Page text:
A walk in the shoes of The Lion’s Roar staff

The job of a student journalist requires a great deal of hard work, sacrifice and growth as an individual. Reporters have to adjust to the fast-pace of a weekly newsroom, stay up to date on community news and campus events, learn to manage their time effectively and meet individual deadlines so that the newspaper comes out every Tuesday morning. While the student reporter position is difficult, the challenge escalates immensely for the editors. 

This job helps students develop a multitude of journalism skills, the more involved in the process you become, the more you develop an array of life skills that can apply to any career or life path. 

Working as an editor not only allows you to delve into the entire newspaper production process, but it also forces you to develop teamwork and interpersonal communication skills. Editors quickly learn that producing a quality newspaper each week requires group collaboration. Being a successful editor requires humility and selflessness. You have to take the focus off of yourself and your own abilities, and place it on the success of the newspaper as a whole. 

Time management is crucial. The Lion’s Roar newspaper produces a paper nearly every Tuesday of the semester. Reporters typically have two or three days to turn in assignments. This gives editors two to three days to set up pages, ensure stories are edited, sort photos, complete their own assignments and serve as a net for any errors made by staff reporters. 

Each turnaround happens swiftly and rigorously. Editors navigate through all the bumps in the road and keep moving till everything is done Monday night (sometimes really late!).   

Once photos and stories are turned in, the hectic part of the process begins: editing. 

This exasperating process involves more than checking for spelling errors or misplaced commas. In ensuring the credibility of the paper, the entire staff works to make sure all names, times, locations and other factual details are correct. Editors oversee the process and are responsible for the accuracy, clarity and brevity of every component of the paper. Through the intense weekly processing editors learn to be more efficient and to question everything.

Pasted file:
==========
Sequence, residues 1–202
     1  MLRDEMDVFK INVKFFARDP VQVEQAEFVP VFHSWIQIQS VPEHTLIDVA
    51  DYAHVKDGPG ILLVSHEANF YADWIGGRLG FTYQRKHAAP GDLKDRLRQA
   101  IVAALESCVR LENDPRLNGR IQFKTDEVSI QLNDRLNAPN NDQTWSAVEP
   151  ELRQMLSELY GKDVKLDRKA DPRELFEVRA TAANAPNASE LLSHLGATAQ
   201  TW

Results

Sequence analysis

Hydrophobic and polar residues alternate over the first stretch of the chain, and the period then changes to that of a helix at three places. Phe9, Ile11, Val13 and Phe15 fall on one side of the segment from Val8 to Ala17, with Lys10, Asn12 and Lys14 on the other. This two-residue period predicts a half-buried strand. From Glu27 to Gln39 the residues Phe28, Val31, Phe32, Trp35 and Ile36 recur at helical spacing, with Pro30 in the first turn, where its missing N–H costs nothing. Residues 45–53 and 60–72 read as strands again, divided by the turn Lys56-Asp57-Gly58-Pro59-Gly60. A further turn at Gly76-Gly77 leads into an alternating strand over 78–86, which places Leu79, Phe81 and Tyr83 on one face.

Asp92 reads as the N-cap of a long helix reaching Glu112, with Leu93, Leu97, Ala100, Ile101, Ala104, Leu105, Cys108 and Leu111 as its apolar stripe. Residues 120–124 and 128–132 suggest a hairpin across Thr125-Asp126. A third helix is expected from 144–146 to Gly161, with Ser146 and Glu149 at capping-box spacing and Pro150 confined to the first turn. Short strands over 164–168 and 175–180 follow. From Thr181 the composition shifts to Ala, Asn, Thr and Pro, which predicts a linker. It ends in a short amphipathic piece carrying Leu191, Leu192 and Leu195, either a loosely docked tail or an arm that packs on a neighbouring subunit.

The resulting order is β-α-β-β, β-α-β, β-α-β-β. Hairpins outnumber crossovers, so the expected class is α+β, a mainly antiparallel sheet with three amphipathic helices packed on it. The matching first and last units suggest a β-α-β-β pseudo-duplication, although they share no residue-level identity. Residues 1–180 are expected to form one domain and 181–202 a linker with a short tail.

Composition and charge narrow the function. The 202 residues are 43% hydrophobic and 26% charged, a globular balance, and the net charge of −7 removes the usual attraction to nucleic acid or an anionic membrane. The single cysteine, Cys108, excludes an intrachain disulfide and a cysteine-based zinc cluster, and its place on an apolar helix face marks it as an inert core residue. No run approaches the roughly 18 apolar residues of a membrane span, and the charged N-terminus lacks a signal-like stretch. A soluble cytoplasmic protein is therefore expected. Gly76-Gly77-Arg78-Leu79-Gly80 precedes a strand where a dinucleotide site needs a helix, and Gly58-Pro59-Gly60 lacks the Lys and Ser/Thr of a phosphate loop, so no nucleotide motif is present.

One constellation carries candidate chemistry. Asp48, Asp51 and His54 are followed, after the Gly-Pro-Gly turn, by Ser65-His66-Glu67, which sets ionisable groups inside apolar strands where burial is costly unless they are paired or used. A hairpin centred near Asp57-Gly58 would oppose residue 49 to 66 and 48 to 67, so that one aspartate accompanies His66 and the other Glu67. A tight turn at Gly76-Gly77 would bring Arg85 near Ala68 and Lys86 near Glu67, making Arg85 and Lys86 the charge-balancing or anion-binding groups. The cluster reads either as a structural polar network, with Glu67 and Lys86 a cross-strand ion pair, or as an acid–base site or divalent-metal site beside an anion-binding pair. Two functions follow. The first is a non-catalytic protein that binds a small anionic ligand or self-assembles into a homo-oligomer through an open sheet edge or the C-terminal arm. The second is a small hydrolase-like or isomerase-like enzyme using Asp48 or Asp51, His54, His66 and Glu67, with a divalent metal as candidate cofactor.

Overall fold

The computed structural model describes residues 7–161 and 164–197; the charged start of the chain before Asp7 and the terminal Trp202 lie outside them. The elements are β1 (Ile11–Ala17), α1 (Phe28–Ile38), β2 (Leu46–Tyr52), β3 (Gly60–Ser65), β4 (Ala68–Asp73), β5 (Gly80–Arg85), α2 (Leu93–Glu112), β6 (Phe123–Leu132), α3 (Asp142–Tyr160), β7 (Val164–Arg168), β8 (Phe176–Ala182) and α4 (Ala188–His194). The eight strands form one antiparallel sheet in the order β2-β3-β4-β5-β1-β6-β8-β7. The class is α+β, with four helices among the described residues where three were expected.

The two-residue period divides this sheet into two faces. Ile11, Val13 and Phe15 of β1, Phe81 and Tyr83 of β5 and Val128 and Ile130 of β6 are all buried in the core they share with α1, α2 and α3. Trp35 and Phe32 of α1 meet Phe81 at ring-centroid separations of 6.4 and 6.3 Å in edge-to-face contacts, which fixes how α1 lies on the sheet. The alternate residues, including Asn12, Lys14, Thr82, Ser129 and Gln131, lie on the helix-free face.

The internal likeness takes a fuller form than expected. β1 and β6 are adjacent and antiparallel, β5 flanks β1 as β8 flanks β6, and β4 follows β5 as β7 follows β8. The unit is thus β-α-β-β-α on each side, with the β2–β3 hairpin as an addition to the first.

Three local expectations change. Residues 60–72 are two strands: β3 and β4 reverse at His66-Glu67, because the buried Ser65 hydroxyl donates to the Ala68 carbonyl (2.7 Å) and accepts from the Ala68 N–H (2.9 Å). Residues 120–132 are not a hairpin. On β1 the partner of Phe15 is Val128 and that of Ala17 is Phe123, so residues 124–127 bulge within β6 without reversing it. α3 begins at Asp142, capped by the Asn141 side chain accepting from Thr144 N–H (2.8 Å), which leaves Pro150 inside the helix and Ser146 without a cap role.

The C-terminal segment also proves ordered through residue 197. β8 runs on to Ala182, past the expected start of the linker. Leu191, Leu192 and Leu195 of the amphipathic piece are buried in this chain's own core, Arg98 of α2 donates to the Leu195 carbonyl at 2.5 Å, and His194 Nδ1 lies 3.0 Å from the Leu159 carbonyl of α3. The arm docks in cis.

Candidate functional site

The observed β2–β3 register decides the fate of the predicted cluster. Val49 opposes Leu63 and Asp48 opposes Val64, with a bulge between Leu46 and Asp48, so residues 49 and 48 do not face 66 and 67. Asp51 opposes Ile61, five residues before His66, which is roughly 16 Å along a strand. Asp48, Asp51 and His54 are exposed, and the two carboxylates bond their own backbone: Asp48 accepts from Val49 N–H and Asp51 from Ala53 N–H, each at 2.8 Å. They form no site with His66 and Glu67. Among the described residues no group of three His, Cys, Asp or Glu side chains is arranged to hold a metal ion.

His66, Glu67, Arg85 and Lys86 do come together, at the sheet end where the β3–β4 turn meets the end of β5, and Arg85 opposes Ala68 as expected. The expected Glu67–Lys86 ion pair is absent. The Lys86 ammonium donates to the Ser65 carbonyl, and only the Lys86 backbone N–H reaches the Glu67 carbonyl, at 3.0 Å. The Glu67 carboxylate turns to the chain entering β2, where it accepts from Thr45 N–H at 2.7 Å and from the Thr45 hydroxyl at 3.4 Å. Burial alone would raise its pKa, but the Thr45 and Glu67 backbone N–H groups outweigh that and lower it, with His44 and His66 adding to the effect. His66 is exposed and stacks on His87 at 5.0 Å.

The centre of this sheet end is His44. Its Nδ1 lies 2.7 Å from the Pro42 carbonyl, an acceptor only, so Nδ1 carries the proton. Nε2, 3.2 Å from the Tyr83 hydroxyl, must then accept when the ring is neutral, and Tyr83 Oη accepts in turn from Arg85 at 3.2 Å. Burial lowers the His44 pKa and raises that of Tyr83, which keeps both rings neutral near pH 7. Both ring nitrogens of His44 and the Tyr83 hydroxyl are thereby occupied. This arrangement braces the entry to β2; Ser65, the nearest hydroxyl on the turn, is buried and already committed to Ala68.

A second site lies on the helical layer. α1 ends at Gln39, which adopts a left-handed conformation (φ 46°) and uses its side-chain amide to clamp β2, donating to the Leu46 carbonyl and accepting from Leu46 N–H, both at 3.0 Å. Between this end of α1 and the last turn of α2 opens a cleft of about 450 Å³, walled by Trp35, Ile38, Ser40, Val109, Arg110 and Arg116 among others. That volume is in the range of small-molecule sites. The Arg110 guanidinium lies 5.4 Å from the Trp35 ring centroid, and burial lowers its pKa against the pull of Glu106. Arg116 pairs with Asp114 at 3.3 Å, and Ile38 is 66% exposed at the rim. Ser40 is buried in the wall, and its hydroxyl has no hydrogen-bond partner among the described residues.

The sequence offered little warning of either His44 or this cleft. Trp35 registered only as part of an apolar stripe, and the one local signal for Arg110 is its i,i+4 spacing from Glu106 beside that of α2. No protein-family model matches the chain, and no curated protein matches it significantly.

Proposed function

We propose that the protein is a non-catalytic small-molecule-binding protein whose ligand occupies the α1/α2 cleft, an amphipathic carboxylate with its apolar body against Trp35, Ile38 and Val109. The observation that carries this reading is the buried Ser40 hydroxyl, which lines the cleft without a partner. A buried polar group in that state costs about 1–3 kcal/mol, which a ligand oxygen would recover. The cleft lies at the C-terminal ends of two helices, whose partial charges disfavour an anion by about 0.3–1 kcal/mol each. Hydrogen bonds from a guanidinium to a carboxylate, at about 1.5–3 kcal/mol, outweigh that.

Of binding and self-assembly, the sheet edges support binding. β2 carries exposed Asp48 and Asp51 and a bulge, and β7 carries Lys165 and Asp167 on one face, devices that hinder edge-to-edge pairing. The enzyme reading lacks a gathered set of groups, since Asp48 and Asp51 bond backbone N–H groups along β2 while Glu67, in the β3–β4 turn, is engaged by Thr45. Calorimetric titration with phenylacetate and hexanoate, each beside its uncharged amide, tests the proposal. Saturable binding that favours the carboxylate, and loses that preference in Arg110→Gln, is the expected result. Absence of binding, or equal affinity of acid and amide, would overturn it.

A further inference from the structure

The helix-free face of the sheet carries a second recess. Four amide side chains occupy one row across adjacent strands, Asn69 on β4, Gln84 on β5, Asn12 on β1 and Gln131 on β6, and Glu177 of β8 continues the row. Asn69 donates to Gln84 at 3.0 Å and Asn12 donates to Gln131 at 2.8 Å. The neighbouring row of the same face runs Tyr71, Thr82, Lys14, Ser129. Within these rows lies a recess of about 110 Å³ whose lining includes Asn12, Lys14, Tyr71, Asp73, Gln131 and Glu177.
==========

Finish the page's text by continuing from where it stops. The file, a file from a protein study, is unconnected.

Over the span of an editor’s career, they will have the opportunity to interview a plethora of people from different backgrounds. The interview process is necessary for almost every article, as it is the reporter’s duty to seek out information from an expert. Some people interviewed for this publication in the past have ranged from professors and university presidents, to actors and actresses known around the world and to athletes that are now in the pros. After years of interviewing all types of people, shyness goes out the window. As a result, reporters highly sharpen and expand their communication skills. 

The greatest thing editors will take away from the job is well-developed leadership skills. When a reporter transitions into an editor, they learn how much planning and preparation goes on behind-the-scenes when reporters are out completing assignments. While many are writing stories, editors are figuring out what stories will go on what pages, which photos are print worthy and what fonts the headlines will be. 

Unfortunately, one of the downfalls of being a student journalist is the potential for errors. There will be errors, and when something is done wrong, the responsibility falls on the editors, regardless of who wrote the story and who did a poor job editing it. As you grow in the position you realize it’s not about who is to blame; you correct mistakes and keep moving. The closer you get to interdependence, the more you can accept that your co-workers are flawed, but they have strengths as well—strengths you need to produce a great newspaper. Teamwork and interpersonal communication are just a few of the highly transferable life skills learned on the job. 

All in all, being a part of The Lion’s Roar teaches many lessons, but mostly it teaches all staff members that time is something you cannot waste. It teaches staff members how to prioritize and delegate what they have to do and when they have to do it, because without that lesson there is little to no chance of survival in the fast-paced world of student journalism.